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Monday, August 24, 2015

The U.S. Air Force Is Getting Rid of Its Predator Drones

MQ-1 PredatorFrom the earliest days of the War on Terror , the U.S. has had one weapon that none of its enemies -- and few of its allies -- possessed: drones. Specifically, MQ-1 Predator drones built by privately held defense contractor General Atomics.

Twenty-seven feet long and sporting a 55-foot wingspan, the Predator is nearly as big as an F-16 fighter jet, but weighs just one-sixteenth as much. With its tiny 115-horsepower engine, the Predator buzzes through the air at just 84 miles per hour.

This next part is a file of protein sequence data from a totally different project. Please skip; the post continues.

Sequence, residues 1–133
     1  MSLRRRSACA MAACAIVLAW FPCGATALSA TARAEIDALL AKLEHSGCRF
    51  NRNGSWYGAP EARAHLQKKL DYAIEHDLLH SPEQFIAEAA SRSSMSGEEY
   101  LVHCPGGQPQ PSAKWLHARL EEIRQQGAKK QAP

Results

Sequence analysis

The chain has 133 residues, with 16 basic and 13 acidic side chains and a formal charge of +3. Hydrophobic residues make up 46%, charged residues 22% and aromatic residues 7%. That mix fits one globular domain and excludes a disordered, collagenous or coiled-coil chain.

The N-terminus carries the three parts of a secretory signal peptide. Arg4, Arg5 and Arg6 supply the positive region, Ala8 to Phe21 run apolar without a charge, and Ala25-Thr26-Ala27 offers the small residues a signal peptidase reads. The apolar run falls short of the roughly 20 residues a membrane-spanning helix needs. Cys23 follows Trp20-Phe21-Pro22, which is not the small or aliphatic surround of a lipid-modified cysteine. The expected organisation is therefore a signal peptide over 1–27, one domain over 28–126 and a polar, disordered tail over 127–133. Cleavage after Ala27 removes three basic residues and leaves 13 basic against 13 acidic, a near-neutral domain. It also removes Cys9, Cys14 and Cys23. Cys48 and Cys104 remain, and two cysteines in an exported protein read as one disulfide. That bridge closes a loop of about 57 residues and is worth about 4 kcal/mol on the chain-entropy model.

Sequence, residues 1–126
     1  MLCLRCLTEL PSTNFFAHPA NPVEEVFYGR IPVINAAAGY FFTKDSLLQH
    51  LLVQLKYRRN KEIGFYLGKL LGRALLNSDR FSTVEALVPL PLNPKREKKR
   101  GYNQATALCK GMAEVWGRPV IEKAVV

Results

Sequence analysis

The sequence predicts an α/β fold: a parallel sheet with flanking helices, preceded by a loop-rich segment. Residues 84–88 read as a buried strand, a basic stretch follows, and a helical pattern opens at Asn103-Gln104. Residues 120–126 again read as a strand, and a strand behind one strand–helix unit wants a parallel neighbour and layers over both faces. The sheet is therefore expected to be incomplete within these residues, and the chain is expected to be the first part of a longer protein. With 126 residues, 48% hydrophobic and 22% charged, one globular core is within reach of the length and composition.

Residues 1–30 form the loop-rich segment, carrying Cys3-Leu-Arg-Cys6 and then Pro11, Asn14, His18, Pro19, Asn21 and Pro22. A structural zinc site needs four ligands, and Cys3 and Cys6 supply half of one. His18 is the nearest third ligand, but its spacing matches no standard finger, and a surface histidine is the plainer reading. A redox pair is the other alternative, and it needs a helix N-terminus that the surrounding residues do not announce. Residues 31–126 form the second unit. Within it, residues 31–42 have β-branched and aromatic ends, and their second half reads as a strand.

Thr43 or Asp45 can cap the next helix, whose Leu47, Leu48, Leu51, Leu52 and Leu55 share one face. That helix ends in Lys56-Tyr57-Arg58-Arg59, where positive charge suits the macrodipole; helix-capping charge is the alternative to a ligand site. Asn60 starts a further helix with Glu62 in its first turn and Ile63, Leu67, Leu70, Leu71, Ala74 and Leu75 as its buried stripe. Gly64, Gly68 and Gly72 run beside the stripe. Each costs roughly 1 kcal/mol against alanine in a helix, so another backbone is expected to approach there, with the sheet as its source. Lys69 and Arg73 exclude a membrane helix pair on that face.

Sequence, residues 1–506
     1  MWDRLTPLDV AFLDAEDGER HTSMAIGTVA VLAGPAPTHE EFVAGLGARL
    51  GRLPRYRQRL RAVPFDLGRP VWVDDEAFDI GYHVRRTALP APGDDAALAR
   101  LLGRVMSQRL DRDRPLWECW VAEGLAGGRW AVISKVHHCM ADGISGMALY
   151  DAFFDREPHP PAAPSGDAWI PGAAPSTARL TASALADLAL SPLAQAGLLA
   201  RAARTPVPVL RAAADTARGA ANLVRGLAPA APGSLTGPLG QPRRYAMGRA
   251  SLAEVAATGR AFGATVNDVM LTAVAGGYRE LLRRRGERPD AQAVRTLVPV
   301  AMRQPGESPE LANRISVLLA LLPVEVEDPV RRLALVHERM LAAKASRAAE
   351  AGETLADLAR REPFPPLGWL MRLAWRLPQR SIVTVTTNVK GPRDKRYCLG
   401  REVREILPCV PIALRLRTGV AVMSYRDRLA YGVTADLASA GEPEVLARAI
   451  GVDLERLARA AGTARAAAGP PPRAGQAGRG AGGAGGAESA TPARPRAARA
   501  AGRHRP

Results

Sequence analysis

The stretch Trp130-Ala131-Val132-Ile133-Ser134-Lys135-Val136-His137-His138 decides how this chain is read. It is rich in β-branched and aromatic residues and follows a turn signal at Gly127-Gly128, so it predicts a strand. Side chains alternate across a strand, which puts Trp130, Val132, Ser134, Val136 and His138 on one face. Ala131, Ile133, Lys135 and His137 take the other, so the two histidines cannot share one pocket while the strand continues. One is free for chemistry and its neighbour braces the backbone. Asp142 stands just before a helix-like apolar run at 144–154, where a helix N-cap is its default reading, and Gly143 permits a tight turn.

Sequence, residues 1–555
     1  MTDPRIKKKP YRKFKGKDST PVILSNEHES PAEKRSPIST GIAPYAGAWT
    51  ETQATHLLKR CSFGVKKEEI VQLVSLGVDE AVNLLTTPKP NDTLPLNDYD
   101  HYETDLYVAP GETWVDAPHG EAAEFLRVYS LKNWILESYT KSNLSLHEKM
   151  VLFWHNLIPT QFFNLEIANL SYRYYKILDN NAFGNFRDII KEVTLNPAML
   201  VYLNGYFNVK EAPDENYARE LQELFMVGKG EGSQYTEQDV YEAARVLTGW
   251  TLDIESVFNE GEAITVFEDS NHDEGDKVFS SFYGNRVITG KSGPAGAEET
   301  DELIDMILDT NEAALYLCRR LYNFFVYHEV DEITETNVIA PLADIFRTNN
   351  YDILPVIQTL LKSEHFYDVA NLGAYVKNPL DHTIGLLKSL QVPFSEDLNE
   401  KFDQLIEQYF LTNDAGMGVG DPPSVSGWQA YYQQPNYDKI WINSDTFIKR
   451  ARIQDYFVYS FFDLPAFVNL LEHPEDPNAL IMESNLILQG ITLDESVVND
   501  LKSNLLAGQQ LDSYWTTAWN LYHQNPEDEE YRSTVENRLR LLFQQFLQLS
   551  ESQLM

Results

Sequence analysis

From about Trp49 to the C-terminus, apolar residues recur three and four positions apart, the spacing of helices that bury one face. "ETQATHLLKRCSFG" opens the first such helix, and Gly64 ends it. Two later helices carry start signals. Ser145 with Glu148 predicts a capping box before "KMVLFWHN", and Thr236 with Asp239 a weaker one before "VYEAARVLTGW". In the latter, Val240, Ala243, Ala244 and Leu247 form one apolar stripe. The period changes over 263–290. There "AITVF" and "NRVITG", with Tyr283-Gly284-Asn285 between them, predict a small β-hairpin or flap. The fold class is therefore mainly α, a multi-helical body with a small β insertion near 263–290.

It can only fly about 770 miles -- less than half the range of an F-16. But that's far enough to make the drone a valuable surveillance asset -- and armed with two laser-guided AGM-114 Hellfire missiles, the Predator can shoot, as well as search. But now, it's the Predator itself that's in the crosshairs -- of the U.S. Air Force.

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